I don’t know a single soul who believes that. (And I’m not trying to make an Argumentum ad populum here.)
So how can one say that govt. is Biblically limited as “largely defined” by the Bible? I suspect that is a political view coloring Bible interpretation to suit its own ends. I know God by knowing myself (via my prejudices, biases, revulsions, etc.) Assuming the Bible is a spiritual guide for a personal walk toward God, why should we expect that it would also specifically address non-spiritual matters, such as what a government should and shouldn’t do?
What we see here is a type of rationalization with a different motive, and it ain’t Christian. To alleviate the disharmony (dissonance), the political perspective is Christianized; and politics (and economics) becomes the focus for the path to God via activism and legislation. Onward Christian Soldiers.
We Can Guess What it Will Be by Their Fruits
For the sake of argument, what might we expect from a Christian government and from the people instituting the Government?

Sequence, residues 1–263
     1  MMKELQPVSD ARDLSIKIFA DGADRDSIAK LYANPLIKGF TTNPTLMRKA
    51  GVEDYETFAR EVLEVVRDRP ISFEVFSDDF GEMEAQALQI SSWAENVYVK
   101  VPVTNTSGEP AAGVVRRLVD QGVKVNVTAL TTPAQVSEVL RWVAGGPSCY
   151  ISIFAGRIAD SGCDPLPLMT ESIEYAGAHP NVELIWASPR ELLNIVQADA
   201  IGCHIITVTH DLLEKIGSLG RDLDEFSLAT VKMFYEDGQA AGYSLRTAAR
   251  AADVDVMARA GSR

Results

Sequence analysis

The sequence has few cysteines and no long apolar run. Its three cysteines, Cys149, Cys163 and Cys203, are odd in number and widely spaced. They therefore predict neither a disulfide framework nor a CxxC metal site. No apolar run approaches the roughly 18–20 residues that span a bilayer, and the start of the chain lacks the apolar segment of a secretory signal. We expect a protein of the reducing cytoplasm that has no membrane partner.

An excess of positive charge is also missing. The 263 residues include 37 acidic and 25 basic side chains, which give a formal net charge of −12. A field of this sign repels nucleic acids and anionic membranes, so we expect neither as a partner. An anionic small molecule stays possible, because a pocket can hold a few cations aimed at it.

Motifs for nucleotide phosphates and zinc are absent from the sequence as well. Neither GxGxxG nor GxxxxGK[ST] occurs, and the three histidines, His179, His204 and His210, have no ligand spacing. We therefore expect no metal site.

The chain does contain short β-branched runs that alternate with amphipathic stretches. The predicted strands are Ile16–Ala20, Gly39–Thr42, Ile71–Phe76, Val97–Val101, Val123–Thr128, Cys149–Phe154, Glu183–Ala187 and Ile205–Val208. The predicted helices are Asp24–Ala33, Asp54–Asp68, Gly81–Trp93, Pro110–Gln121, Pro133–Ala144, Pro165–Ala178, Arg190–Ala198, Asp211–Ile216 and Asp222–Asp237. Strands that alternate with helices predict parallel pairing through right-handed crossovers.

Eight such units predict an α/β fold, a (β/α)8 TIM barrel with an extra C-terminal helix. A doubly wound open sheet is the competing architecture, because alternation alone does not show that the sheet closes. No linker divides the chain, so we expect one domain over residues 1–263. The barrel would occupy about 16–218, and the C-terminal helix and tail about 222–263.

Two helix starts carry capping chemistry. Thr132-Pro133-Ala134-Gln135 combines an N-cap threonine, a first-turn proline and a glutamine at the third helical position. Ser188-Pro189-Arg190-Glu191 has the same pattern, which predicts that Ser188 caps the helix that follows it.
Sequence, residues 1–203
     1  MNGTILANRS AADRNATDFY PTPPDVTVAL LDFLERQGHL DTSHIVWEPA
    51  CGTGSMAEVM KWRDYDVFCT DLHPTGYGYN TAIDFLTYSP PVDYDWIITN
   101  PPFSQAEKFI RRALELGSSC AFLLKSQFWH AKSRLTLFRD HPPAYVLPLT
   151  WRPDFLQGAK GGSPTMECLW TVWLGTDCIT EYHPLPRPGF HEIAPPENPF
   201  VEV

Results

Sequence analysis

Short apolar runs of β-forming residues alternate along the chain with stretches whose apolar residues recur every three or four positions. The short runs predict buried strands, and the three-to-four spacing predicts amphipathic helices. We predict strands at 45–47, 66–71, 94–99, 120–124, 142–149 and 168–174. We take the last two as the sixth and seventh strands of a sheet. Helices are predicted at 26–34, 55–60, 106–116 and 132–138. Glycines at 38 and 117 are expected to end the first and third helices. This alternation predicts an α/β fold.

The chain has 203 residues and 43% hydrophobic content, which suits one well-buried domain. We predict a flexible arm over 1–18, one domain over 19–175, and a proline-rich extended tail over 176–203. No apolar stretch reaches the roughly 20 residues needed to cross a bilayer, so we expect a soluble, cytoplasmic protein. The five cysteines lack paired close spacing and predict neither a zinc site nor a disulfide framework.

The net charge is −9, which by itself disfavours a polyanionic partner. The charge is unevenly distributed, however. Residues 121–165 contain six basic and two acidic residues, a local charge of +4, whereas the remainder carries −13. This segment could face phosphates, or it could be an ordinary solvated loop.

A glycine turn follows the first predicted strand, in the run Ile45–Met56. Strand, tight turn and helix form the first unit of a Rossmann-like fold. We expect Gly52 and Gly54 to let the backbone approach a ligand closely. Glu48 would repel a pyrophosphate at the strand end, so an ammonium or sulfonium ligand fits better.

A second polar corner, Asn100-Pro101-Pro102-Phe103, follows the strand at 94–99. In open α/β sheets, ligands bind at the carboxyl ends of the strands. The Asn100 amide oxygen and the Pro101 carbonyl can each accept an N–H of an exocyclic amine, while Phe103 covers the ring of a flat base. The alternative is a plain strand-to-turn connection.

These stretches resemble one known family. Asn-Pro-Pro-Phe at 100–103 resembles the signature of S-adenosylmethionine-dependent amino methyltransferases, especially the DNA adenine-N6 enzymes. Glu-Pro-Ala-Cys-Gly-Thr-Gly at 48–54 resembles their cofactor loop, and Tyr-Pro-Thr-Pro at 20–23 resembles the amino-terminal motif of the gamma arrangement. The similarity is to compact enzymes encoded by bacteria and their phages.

Now when He was asked by the Pharisees when the kingdom of God would come, He answered them and said, “The kingdom of God does not come with observation; nor will they say, ‘See here!’ or ‘See there!’ For indeed, the kingdom of God is within you (Luke 17:20-21 ).
For indeed, the kingdom of God is within you (Luke 17:20).
First off, I would expect a Christian government to simply evolve via the fruit that results from the collective actions of its citizenry. The Kingdom of God is established in the hearts as a spiritual kingdom that naturally results in a physical (or legal) manifestation.
Second, I would expect that those who want a Christian Dominion would inspire those around them with Christ-likeness, to be a beacon of Grace and justice — and more immediately — demonstrate blameless attitudes and behaviors. In that way non-Christians might preview what a Christian-run nation would look like.
With such inspiration and demonstration, why wouldn’t we all want to live in a Christian Dominion, where the Grace of God reigns supreme.